(ii) Surface ectoderm and placode

Colonization of the surface ectoderm was observed in 25–43 % of embryos receiving grafts in the lateral ectoderm and adjacent to the primitive streak (Table 4). The surface ectoderm over the branchial arches was colonized by cells grafted to lateral ectoderm but those over the hindbrain and somitic levels were derived from grafts in the lateral ectoderm as well as adjacent to the primitive streak (Table 5). Labelled cells of the P-Lat and PL-PS grafts were frequently found in the columnar placode epithelium on the lateral aspect side of the head folds of the early-somite embryo (Fig. 7). The labelled epithelium was located close to the root of the first two branchial arches and at the myelencephalic level of the chimaeric PL-PS and P-Lat embryos. Following further in vitro development, labelled cells were found in the trigeminal ganglia and the otic capsule of the advanced embryos, suggesting that the donor cells might have colonized the trigeminal and otic placodes after grafting to the PL-PS and P-Lat ectoderm.

Fig. 7.

A frontal section of an embryo cultured for 24 h after P-LAT grafting resulting in the colonization of placodal epithelium at the upper hindbrain level (arrowheads), fg, foregut; nt, neural tube.

Fig. 7.

A frontal section of an embryo cultured for 24 h after P-LAT grafting resulting in the colonization of placodal epithelium at the upper hindbrain level (arrowheads), fg, foregut; nt, neural tube.

(iii) Cranial mesenchyme and neural crest cells

Labelled cells were found in the cranial mesenchyme of all groups of experimental embryos especially in those with grafts in the Mid-Ant and lateral ectoderm (Table 4). When cells were grafted to Mid-Ant ecto derm, 46% of the embryos showed colonization of somitomeres II and III (Table 6). Labelled cells grafted to lateral areas (P-Lat and D-Lat) of the egg cylinder and to regions adjacent to the primitive streak (ML-PS and PL-PS) colonized predominantly the rhomben-cephalic somitomeres (Table 6). Only 3 examples of colonization of the cranial somitomeres were encountered in 42 embryos receiving grafts at Ant-Mar and Arch regions.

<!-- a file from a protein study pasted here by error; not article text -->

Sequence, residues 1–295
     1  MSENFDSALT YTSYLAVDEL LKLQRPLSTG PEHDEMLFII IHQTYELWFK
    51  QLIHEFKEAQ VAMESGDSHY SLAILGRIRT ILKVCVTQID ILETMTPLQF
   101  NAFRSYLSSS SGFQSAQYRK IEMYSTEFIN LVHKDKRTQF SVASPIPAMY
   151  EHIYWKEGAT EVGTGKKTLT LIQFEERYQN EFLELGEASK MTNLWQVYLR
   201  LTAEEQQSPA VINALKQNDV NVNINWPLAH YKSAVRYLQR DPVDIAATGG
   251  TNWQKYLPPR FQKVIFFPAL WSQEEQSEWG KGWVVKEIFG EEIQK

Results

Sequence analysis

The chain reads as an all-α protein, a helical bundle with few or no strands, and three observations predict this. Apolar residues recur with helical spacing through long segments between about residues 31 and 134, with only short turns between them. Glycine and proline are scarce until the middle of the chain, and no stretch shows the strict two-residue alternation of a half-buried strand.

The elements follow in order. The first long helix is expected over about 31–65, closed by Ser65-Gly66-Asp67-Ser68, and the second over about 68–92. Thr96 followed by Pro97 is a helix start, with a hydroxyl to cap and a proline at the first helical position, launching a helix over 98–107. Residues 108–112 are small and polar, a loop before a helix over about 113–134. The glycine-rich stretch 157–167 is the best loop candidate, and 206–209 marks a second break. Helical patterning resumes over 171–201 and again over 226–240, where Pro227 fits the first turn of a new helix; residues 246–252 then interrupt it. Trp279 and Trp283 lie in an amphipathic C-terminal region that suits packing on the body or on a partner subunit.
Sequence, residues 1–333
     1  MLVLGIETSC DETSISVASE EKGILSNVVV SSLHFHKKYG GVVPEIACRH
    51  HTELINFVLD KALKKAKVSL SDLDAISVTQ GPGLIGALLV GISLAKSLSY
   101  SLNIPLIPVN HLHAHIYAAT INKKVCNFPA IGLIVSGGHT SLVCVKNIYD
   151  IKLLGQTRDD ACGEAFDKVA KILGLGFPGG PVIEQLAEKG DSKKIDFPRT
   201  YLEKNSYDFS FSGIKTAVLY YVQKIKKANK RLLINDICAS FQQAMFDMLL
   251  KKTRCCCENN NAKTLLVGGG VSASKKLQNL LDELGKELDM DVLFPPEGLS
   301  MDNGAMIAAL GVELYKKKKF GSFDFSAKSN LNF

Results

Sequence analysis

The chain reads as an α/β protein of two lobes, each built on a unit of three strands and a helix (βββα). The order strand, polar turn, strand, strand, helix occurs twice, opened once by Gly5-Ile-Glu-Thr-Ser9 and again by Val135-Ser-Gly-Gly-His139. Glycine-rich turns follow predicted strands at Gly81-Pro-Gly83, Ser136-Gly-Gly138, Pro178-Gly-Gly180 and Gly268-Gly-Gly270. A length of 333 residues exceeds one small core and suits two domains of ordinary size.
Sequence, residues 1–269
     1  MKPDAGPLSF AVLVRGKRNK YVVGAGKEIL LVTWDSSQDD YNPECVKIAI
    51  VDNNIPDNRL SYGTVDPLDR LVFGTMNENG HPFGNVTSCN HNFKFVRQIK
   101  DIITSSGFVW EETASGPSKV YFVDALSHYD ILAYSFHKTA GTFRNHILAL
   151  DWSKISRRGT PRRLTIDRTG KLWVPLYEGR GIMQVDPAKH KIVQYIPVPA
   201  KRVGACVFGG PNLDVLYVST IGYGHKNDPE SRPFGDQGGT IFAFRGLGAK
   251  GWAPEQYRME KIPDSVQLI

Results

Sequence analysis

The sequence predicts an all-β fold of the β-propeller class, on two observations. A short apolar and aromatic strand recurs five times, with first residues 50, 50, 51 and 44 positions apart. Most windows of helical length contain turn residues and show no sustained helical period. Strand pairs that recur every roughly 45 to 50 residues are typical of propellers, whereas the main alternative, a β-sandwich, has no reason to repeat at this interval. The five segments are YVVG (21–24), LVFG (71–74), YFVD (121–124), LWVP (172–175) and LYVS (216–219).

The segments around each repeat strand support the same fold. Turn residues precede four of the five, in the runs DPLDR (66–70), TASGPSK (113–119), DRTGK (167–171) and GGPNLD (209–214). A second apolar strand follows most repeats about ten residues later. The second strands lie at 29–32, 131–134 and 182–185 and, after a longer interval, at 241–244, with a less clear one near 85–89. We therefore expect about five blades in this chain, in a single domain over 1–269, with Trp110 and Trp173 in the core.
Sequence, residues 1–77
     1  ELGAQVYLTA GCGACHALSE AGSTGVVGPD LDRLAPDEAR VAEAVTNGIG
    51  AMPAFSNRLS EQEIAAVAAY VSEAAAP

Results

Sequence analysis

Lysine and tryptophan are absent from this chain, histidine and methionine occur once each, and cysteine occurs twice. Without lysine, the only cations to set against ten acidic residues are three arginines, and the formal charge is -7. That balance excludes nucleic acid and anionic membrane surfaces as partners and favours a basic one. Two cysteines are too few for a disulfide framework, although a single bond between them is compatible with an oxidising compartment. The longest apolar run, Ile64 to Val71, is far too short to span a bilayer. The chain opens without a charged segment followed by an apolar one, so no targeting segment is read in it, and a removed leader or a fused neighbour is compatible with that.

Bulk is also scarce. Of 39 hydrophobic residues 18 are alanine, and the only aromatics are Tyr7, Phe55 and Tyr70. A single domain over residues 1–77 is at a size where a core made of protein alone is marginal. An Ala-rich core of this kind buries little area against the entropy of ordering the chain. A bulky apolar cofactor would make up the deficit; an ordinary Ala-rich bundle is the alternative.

Table 6.

The distribution of WGA–gold-labelled cells in the cranial mesenchyme, somitic mesoderm and lateral plate mesoderm of the chimaeric embryos

The distribution of WGA–gold-labelled cells in the cranial mesenchyme, somitic mesoderm and lateral plate mesoderm of the chimaeric embryos
The distribution of WGA–gold-labelled cells in the cranial mesenchyme, somitic mesoderm and lateral plate mesoderm of the chimaeric embryos

In embryos receiving grafts at P-Lat and PL-PS regions, some labelled cells were found subjacent to the surface ectoderm on the lateral aspect of the cranial mesenchyme (Fig. 8). These were probably neural crest cells since they were localized along the migratory path where such cells are expected (Chan & Tam, 1988). Mesencephalic neural crest cells were derived from grafts in the P-Lat ectoderm and rhombencephalic neural crest cells came from grafts in the PL-PS ectoderm (Table 6).

Fig. 8.

A transverse section through the hindbrain level of an embryo cultured for 24 h after P-Lat grafting showing the presence of labelled cells (arrowheads) in the neuroepithelium (ne) and at the lateral subectodermal position along the putative migratory path for neural crest cells.

Fig. 8.